The Shining is surely Stanley Kubrick's most misunderstood masterpiece.[...]
I use the word 'masterpiece' guardedly because I have never really thought that The Shining was a very good film.
At the time, in 1980 when I first saw it, I didn't like it at all. The way that Kubrick threw out so much of Stephen King's great source material and replaced it with a lot of things that just didn't seem to make any sense, really bothered me.
Hopefully, before I am finished with this essay, the reader will see it is only when Kubrick dramatically alters the script from Stephen King's novel that we can begin to understand what Stanley Kubrick is trying to tell us in his version of The Shining.
It should be understood from the beginning that The Shining is Stanley Kubrick's most personal film (outside of, possibly, Eyes Wide Shut). Before we are done here it will be easy to see that Kubrick was only using Stephen King's novel as a launching pad (excuse the pun) to be able to tell a completely different story under the guise of making a film based on a best-selling novel. He did this for a very important reason - mainly to save his life.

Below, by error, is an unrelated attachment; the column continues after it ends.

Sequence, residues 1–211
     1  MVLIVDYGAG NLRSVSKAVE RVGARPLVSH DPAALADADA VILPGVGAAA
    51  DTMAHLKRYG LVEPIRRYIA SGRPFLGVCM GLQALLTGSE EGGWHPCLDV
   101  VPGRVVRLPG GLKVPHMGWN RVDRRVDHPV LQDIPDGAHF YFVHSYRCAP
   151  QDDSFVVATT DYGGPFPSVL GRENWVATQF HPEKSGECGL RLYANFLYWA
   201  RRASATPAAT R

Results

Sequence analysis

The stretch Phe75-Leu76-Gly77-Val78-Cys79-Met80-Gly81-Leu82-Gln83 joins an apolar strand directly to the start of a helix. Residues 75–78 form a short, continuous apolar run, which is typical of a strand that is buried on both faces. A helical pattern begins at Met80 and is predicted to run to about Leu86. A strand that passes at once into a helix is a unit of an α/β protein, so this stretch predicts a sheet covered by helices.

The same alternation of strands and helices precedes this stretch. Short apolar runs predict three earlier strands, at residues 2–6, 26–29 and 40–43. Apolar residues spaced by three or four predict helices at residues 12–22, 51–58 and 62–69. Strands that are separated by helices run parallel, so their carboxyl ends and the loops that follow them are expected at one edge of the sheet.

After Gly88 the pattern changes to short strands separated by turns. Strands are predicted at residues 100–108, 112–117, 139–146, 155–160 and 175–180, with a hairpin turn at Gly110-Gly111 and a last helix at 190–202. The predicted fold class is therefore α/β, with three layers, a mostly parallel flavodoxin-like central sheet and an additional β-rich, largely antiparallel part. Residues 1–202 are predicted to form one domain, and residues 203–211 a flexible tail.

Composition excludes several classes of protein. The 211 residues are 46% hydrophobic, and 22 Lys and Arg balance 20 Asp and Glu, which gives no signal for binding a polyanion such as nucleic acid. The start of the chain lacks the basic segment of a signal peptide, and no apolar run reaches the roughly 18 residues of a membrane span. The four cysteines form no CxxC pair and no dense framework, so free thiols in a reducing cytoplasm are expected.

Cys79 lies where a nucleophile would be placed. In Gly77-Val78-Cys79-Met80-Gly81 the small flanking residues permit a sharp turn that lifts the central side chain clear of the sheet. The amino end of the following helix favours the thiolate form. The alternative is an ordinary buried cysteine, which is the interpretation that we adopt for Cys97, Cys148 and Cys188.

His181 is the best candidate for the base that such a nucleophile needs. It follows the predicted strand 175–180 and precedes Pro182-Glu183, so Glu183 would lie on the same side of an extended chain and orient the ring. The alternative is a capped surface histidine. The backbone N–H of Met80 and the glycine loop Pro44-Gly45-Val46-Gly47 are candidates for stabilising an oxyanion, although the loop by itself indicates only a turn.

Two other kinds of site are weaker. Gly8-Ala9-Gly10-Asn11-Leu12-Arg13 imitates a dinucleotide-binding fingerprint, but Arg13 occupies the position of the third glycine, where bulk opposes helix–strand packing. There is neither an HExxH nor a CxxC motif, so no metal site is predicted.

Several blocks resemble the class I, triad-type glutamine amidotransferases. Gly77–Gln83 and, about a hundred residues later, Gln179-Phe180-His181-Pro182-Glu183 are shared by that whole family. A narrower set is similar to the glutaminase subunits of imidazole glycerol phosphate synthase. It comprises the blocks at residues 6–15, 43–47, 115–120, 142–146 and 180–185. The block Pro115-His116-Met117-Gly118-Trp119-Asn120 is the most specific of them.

The Overlook Hotel itself is America.Secrets of The Shining: Or How Faking the Moon Landings Nearly Cost Stanley Kubrick his Marriage and his Life
Like America, the Overlook Hotel is new and shiny. It is ostentatious, corny and architecturally boring. As the Manager tells Wendy "All of the best people stayed here".
But there is something very deep happening. Kubrick brushed shoulders with the elite of the world. He knows what is going on.